In the 1990s, skateboarding was everywhere. It was a sport, a lifestyle, and a rite of passage for many American children. Riding a skateboard wasn’t just fun—it was an act of rebellion. And that’s what made it so cool.
Today, skateboarding is still cool—but to nearly everyone’s surprise, scootering is taking over skateboarding as the next generation of extreme sports. Seem more like a toy for kids? Let’s check out all the facts first:
Mode of Transport Turned International Sport
According to a report published on Statista by the Outdoor Foundation, the number of skateboarders in the United States fell from 10.1 million to 6.4 million between 2006 and 2016, with a more significant reduction among skaters aged six to 17.
So what does that mean? More kids are riding scooters than ever before—and they’re not just riding them recreationally at the park or in their neighborhood. They’re riding in city streets and on roads, using them as transportation instead of cars and bikes, and most importantly learning new tricks. Within the new sport is a whole world of computations, sponsorships, fame, and future for the taking.
Thanks to social media platforms like Instagram and Tiktok, scooter riders have become overnight celebrities who are seems as influencers for the next gen of athletes.
“There are infinite tricks that you can learn. There’s so much possibility. There’s never a stopping point in progression!” -Jeremy Mallot
First off, let’s start with the fact according to a report published by National Association of City Transportation Officials, people in the United States took 136 million trips on shared bikes, e-bikes, and scooters in 2019, up 60% from 2018.
Skateboarding has been declinin as an activity since 2006, while scooter riding has seen huge growth in recent years. So we think that skateboarders will likely be looking for new ways to have fun and stay active, which is where scooters come into play.
Benefits of Scootering & Skateboarding:
- Ease of use: the scooter is easier to handle and more stable
- Convenience: A skateboard is easier to transport than a scooter
- Learning curve: for a scooter is lower than that of a skateboard
- Mastery: Advanced maneuvers are difficult to master on both a skateboard and a scooter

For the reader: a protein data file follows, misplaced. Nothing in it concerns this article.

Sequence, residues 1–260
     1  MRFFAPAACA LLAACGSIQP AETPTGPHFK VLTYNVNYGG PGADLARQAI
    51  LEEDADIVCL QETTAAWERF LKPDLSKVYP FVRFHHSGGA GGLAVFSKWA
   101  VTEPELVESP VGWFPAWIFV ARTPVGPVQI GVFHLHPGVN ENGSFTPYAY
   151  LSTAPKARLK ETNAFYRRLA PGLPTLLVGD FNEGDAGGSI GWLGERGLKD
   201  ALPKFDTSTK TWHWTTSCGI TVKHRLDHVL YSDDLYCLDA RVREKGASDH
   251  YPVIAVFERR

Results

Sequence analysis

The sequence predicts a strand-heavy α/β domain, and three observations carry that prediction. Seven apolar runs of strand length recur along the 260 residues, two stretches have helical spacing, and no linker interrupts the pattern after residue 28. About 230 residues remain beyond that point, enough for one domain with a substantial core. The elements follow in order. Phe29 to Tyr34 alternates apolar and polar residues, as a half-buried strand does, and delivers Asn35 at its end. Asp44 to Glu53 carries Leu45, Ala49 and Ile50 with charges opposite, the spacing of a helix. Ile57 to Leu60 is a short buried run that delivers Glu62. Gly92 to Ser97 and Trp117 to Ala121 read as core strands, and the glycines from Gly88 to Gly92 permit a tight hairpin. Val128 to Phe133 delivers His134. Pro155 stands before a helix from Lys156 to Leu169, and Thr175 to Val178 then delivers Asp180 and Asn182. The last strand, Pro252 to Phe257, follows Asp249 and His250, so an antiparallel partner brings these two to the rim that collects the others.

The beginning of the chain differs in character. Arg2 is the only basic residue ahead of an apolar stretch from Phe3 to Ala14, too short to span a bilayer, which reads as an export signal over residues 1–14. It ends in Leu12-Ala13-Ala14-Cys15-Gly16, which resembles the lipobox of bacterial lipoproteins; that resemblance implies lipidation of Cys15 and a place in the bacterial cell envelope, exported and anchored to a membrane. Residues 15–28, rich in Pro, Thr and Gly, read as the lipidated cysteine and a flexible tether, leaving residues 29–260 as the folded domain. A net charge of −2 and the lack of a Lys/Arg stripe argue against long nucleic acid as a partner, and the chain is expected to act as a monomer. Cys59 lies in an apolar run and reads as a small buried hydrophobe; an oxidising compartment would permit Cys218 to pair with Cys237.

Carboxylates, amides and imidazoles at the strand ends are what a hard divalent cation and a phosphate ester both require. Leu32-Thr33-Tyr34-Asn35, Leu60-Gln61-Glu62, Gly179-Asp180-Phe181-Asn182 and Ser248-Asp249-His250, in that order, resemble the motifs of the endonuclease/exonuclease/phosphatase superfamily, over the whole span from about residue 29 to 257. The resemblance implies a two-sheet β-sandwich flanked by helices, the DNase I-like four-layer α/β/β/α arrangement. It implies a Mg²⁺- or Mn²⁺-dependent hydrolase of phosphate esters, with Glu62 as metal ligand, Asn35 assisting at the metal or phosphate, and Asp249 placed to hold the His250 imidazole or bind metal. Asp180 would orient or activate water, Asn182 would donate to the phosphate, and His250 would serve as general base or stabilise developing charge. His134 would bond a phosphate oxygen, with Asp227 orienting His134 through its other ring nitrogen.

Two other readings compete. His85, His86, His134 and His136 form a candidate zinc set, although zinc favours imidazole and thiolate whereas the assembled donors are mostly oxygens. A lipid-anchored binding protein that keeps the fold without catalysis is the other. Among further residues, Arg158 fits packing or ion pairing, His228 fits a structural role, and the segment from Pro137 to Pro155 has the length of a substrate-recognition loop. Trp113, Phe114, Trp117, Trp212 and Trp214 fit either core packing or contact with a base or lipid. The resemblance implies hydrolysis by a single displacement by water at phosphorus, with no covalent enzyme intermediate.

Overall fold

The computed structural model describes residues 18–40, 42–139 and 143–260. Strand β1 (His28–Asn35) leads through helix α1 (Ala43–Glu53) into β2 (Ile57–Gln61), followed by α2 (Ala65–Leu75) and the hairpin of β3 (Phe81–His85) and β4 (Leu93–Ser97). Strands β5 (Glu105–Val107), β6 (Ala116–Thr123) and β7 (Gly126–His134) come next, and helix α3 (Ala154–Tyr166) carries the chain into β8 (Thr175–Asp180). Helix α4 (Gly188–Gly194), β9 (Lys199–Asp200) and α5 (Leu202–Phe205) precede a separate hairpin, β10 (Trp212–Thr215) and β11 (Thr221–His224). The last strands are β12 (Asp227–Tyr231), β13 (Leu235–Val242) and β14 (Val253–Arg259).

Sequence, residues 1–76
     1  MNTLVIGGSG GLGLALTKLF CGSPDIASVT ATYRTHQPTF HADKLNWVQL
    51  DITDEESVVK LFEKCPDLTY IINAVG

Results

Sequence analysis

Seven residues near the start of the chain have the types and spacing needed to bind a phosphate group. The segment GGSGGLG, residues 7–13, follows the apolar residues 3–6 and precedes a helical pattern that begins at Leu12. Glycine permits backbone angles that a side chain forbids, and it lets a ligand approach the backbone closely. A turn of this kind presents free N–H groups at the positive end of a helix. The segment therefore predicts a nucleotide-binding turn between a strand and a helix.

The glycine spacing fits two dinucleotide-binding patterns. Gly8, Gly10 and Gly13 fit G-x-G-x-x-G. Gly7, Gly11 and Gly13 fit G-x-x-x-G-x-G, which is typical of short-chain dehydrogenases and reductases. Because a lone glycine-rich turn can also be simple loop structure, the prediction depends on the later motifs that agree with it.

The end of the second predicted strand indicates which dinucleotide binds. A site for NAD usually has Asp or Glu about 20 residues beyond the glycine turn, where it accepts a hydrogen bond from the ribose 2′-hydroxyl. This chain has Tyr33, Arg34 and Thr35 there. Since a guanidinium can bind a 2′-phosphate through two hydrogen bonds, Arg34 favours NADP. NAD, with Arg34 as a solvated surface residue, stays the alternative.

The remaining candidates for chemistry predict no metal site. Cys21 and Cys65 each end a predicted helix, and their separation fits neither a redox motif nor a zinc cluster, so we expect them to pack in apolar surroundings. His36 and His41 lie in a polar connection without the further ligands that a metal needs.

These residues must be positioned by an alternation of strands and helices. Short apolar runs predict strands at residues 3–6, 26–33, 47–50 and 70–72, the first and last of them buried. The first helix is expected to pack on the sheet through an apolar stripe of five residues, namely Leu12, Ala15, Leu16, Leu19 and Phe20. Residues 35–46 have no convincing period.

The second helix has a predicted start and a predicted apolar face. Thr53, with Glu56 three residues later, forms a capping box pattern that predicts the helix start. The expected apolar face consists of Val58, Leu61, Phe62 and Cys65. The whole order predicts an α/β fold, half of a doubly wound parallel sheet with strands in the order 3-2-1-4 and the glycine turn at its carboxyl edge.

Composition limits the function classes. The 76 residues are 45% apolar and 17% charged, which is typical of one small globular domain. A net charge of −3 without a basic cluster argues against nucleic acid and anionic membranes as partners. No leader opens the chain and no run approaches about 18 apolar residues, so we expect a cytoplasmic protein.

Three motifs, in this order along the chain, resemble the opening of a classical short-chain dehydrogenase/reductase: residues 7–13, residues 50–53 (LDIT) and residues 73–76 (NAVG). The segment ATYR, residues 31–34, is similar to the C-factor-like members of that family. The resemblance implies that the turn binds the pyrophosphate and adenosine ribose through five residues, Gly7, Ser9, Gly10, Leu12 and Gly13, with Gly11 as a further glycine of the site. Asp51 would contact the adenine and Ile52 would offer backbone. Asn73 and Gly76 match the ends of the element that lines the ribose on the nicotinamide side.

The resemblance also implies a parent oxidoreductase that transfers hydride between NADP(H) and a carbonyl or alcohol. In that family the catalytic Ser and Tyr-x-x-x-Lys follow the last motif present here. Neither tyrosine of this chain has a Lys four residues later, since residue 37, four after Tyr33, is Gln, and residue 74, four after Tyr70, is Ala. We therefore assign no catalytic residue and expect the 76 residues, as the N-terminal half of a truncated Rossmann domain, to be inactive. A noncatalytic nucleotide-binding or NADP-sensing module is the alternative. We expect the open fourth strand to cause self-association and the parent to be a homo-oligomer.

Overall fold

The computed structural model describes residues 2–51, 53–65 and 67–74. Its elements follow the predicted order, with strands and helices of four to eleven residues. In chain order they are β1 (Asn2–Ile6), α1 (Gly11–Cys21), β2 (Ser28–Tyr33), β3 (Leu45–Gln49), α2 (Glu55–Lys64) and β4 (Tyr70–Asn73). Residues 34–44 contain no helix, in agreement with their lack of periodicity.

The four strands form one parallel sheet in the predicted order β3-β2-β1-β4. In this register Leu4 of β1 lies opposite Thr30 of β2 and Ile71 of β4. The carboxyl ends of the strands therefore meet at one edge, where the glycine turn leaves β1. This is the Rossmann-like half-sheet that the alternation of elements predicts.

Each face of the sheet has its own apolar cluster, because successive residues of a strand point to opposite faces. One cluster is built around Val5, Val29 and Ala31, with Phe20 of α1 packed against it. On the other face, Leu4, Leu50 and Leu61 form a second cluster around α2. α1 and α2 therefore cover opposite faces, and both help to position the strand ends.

- Safety: a scooter is more secure than a skateboard (more stable)
- Image: Skateboarding is frequently seen to be cooler (scooter on the rise)
- Exercising: both the skateboard and the scooter provide an excellent workout
Basics of Scootering
Let’s have a look at the key actions you make when riding a skateboard or a scooter and compare their difficulty.
Because you hang on to the handlebar, kicking for speed is simpler on a scooter than on a skateboard. On a skateboard, there is nothing to hold onto, so you must balance on one leg while pushing with the other.
Turning is faster on a scooter than on a skateboard since all that is required to steer is a modest turn of the handlebar. Turning on a skateboard demands pushing your toes or heel onto the rail and bending forward or backward without losing your balance.
Riding a scooter while rolling is easy since it is pretty steady and you hang on to the handlebar. A rookie rider on a skateboard might quickly lose balance and have the board fly out from under them owing to a bump in the ground, causing them to tumble sideways. On a scooter, this is less likely to occur.
Posturing on a scooter is easier than on a skateboard because the single front wheel and fork allow for very tight turns in very little space, similar to riding a miniature bike. Because of the four-wheel configuration, tight turning on a skateboard without losing your balance (e.g., completing a kick turn) necessitates greater ability.
Stopping is usually easier on a scooter since most of them include a foot brake – a fender-like component that you may push on with your back foot to rub against the rear wheel. Other kick scooters incorporate hand brakes similar to those seen on BMX bikes.
Even without a brake, stopping on a scooter is simpler than on a skateboard because you use the handle to keep your balance while putting your foot down for brakes. Foot braking on a skateboard, on the other hand, is difficult and needs practice. Another sophisticated method of stopping on a skateboard is sliding.
Skateboard VS scooter: which is more difficult to master?
Beyond the fundamentals, though, learning complex feats on a pro scooter may be just as difficult as on a skateboard. A beginner may need 6-8 hours to learn how to make a solid ollie or kickflip on a skateboard. Similarly, learning to do a tailwhip or a 360o on a scooter requires a lot of work.
Although some stunts are simpler to learn on a scooter than on a skateboard, scooter riders tend to do more difficult maneuvers to compensate. So a 360 on a scooter may be comparable to a 180 on a skateboard in difficulty, and a double whip may be akin to a kickflip.
A kickflip (skateboard) may be more difficult to master than a tailwhip (scooter), but a backflip 4 whip is unquestionably more difficult to learn than a kickflip. On a scooter, nose manuals and 50’s are significantly more difficult to pull than on a skateboard.
Of course, there are more difficult skateboard tricks, such as hardflips and Tre Flips, that might take a long, long time to master. However, while scootering is quicker to learn, it is similarly difficult to properly master and grow past a certain level when compared to skating.
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So here’s the deal: Scootering isn’t going away, and it may just end up being a part of the Olympics or the biggest extreme sport of the next decade. We’re calling it – will you be a part of it?
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